After four hours listening to Bridge Lectures we were not at our best. On our first hand (Board 13) Anna made a weak jump overcall of 2♥ with ♠- ♥QJ75432 ♦J2 ♣Q932, then once I supported came back in with 5♥ over their 4♠. This was doubled and down two. Afterwards our expert Derek pointed out that the bidding suggested the opponents had a 4-4 Spade fit, so even though Anna had a Spade void she can pass confident I have five. I did indeed have five Spades, and was itching to double 4♠. The reason I'm mentioning this is because a similar situation came up later, and this time were were able to make a crushing penalty double of our opponents, getting them three off in 2♠x-3 on Board 12.

Towards the end things picked up, and we had a few very good results, mostly through pushing the boat out and being a bit lucky. On Board 15 I could have played a comfortable 3♥ but raised to 4♥. Although this made exactly there was no point bidding it really, I'd have got almost as good a score for 3♥+1 with none of the risk.

My featured hand is one where we defended extremely frugally to take down Scottih Senior John 1.

EW vul
S deal
♠ T 9
♥ A T 8 6 4
♦ 7
♣ Q J T 8 3
♠ J 7 5 2
♥ 3
♦ A J 9 5 3
♣ A 4 2
♠ Q 6
♥ K Q J 7 5
♦ 6 4 2
♣ 7 6 5
♠ A K 8 4 3
♥ 9 2
♦ K Q T 8
♣ K 9

John1 opened 1♠ and his partner replied 1NT. He rebid 2♦, and partner corrected to 2♠, the final contract. Thus South is known to have at least 5-4 shape in Spades and Diamonds.

I was West, and chose the ♥3 as the opening lead. Even though I've got four trumps, so a ruff doesn't necessarily help, I like leading singletons and I've nothing else to lead. Declarer won this with the Ace (preventing an immediate Heart ruff), and played a Diamond to the King and my Ace. Now that dummy is void in Diamonds I switched to a low Spade. This might cost a trick leading from my ♠J, but I was relieved when Anna played the ♠Q and declarer the ♠A. Declarer now took his Diamond ruff, and played a Club up from dummy. Anna played the ♣5, showing odd count, so after a lot of thinking to check I'd got it right, I let the ♣K win. Declarer now exited with a Heart, which I could have ruffed but instead let it run round to Anna, who won. She returned a Diamond, which declarer won in hand.

The situation is now as below, with declarer in hand having won five tricks so far, and us two. I'm definitely getting my ♦J, ♣A and a trump, and need to get another trump to take it down. As you can see, I'm always getting two trumps, but at the time I didn't know who had the ♠6, and was worried about getting endplayed.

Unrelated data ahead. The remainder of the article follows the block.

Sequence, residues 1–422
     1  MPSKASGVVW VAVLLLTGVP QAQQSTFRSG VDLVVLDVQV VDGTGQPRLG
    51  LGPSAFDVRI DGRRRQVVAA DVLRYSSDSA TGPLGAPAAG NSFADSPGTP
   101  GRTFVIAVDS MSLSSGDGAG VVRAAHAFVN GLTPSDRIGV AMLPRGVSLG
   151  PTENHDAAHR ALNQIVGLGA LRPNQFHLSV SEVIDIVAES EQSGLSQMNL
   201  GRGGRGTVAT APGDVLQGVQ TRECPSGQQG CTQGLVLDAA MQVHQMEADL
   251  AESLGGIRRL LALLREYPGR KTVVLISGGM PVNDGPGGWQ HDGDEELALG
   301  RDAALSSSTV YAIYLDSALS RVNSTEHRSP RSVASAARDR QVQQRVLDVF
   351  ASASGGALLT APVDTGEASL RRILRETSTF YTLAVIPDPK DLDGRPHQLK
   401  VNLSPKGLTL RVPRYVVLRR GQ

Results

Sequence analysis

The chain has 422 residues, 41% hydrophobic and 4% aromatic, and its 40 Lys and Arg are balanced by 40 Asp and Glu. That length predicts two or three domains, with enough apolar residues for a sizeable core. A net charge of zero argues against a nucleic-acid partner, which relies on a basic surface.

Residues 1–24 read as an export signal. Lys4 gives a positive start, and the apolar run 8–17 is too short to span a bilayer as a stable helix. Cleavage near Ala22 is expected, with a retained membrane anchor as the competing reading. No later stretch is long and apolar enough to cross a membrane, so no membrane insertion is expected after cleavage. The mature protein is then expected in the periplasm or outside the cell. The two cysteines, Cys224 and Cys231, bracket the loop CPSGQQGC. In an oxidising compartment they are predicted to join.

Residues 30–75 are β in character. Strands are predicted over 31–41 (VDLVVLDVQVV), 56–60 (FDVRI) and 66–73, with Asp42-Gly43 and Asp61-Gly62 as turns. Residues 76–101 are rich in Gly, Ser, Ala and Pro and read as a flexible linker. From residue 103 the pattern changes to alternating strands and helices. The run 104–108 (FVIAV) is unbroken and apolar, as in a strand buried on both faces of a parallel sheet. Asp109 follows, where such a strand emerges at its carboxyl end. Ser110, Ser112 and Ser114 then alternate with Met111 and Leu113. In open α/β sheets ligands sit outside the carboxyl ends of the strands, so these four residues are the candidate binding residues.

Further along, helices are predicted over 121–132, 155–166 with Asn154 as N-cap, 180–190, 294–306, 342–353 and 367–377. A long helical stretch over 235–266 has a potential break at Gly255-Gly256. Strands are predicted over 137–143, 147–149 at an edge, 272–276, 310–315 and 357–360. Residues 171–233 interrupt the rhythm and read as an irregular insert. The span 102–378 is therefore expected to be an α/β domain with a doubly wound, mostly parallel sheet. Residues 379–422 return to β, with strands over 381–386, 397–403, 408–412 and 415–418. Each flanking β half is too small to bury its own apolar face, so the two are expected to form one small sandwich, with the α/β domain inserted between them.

♥ 8 6
♣ Q J T
♠ J 7 5
♦ J
♣ A 4
♠ 6
♥ Q J 7
♣ 7 6
♠ K 8 4 3
♦ T
♣ 9

Declarer led a Club from hand. I won my Ace, cashed the ♦J. I was now planning to exit with a Club, leaving me with three trumps remaining. I'd then be forced to win the 11th trick (the one you don't want to win, with three cards left), and end up giving declarer the last two. But what's this? Anna ruffed my winning ♦J, and led through a winning Heart. Now when declarer ruffed high I was guaranteed to get my two trump tricks, so we took it one off. This was the optimal defence, but on the actual layout wasn't necessary.

It was a good board for us, and I remember on the traveller someone else had made nine tricks in 4♠-1 (bad bidding, good play).

Overall we finished on 58%, which was surprisingly joint second and one Matchpoint behind first.

Here's a link to the speaker's notes: Competition Transfer Responses.


  1. Did Willie give any context for using transfer responses to one club? Are they worthwhile in a 4-card major, weak notrump system for instance?

  2. Hmm I can't remember. I think the system he introduced transfer responses to was 5 card Majors and weak NT?

    Most of the talk did focus on the situation when you open 1 Club, and the opponents interfere with a double. Responder then has the useful extra option of passing then bidding on the next round, to show a hand with two places to play (which you could do without playing transfer responses too).

  3. I've added a link at the end, to the speaker's original article.